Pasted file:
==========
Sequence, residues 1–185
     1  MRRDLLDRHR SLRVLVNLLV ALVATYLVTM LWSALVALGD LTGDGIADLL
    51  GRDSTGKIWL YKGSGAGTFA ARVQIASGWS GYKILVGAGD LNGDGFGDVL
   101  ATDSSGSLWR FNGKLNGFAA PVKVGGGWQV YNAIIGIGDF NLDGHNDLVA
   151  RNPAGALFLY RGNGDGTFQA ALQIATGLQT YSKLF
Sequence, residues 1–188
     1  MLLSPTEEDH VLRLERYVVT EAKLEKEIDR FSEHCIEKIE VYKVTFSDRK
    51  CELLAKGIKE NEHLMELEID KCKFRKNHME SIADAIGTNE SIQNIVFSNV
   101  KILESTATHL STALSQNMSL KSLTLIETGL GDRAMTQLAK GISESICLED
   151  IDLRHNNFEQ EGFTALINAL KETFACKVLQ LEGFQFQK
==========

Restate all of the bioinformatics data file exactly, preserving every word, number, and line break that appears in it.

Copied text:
Sequence, residues 1–185
     1  MRRDLLDRHR SLRVLVNLLV ALVATYLVTM LWSALVALGD LTGDGIADLL
    51  GRDSTGKIWL YKGSGAGTFA ARVQIASGWS GYKILVGAGD LNGDGFGDVL
   101  ATDSSGSLWR FNGKLNGFAA PVKVGGGWQV YNAIIGIGDF NLDGHNDLVA
   151  RNPAGALFLY RGNGDGTFQA ALQIATGLQT YSKLF
Sequence, residues 1–188
     1  MLLSPTEEDH VLRLERYVVT EAKLEKEIDR FSEHCIEKIE VYKVTFSDRK
    51  CELLAKGIKE NEHLMELEID KCKFRKNHME SIADAIGTNE SIQNIVFSNV
   101  KILESTATHL STALSQNMSL KSLTLIETGL GDRAMTQLAK GISESICLED
   151  IDLRHNNFEQ EGFTALINAL KETFACKVLQ LEGFQFQK